IBM’s quantum aspirations, and tasting lab-grown hamburgers

What’s occurring: In 2015, IBM took the record for the biggest quantum computing system with a processor including 433 quantum bits, or qubits, the essential foundation of quantum info processing. Now, the business has actually set its sights on a much larger target: a 100,000-qubit device that it intends to develop within ten years.

Why it matters: The task belongs to IBM’s strategies to press quantum computing into the world of full-blown operation, where the innovation might possibly take on pushing issues that no basic supercomputer can resolve.

The capacity: The concept is that the 100,000 qubits will work along with the very best “classical” supercomputers to accomplish brand-new developments in drug discovery, fertilizer production, battery efficiency, to call simply a couple of fields. Check out the complete story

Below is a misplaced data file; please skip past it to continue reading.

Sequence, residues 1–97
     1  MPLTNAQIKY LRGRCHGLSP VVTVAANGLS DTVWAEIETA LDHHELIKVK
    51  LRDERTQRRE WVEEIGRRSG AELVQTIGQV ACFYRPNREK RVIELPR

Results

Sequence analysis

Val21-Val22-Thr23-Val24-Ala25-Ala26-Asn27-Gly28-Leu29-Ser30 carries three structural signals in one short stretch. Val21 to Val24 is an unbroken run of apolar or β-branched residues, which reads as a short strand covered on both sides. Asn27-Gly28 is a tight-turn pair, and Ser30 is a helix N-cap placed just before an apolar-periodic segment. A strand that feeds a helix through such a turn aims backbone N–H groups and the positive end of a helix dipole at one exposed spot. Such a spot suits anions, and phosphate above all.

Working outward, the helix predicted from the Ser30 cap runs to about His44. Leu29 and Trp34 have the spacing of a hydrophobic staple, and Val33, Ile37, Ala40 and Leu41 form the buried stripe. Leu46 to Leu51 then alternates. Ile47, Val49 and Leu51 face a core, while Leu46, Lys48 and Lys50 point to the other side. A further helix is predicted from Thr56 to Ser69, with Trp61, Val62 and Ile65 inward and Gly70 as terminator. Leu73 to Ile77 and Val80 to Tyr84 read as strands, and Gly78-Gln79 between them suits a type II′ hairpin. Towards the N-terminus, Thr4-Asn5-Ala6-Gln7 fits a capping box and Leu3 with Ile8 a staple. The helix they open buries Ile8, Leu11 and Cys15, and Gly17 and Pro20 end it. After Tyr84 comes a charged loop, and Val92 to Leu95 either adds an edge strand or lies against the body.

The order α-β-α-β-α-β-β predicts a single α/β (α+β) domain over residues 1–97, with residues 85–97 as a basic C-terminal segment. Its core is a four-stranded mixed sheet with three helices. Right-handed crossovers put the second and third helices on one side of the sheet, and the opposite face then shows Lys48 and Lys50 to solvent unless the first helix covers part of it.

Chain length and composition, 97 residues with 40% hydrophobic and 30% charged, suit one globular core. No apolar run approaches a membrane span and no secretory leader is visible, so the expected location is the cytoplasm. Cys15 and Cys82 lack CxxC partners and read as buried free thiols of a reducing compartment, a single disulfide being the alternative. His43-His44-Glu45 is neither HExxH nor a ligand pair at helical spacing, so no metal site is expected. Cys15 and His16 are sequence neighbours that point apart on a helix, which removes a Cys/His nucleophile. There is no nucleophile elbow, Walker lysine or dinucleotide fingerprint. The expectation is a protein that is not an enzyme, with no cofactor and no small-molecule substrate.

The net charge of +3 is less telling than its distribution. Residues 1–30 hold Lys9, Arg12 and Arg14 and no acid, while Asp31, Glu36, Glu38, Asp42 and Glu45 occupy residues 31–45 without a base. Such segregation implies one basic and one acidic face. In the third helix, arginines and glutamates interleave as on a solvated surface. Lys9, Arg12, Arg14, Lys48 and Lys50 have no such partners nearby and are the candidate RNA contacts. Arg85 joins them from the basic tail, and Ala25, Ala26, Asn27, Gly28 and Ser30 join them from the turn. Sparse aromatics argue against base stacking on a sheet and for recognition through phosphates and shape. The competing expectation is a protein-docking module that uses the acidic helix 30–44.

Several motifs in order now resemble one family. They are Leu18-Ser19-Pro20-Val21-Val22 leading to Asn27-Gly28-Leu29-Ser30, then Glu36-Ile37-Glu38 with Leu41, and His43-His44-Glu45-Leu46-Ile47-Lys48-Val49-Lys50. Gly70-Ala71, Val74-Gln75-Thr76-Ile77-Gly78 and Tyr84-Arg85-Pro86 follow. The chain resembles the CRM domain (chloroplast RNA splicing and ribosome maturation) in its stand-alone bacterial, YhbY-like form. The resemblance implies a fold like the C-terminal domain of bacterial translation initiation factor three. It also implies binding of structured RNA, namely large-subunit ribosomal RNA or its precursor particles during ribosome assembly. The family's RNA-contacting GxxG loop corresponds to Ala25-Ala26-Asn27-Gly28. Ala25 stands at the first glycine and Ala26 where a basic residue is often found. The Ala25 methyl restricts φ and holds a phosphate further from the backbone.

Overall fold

— Michael Brooks

Here’s what a lab-grown hamburger tastes like

Consuming meat has an indisputable effect on the world. Animal farming comprises almost 15% of worldwide greenhouse-gas emissions, and beef is a specific culprit, with more emissions per gram than generally any other meat.

Fascinated by the guarantee of lab-grown meat, our environment press reporter Casey Crownhart chose to see whether a cultivated Wagyu hamburger might ever measure up to the lofty pledges made by alternative meat business. Learn how she got on

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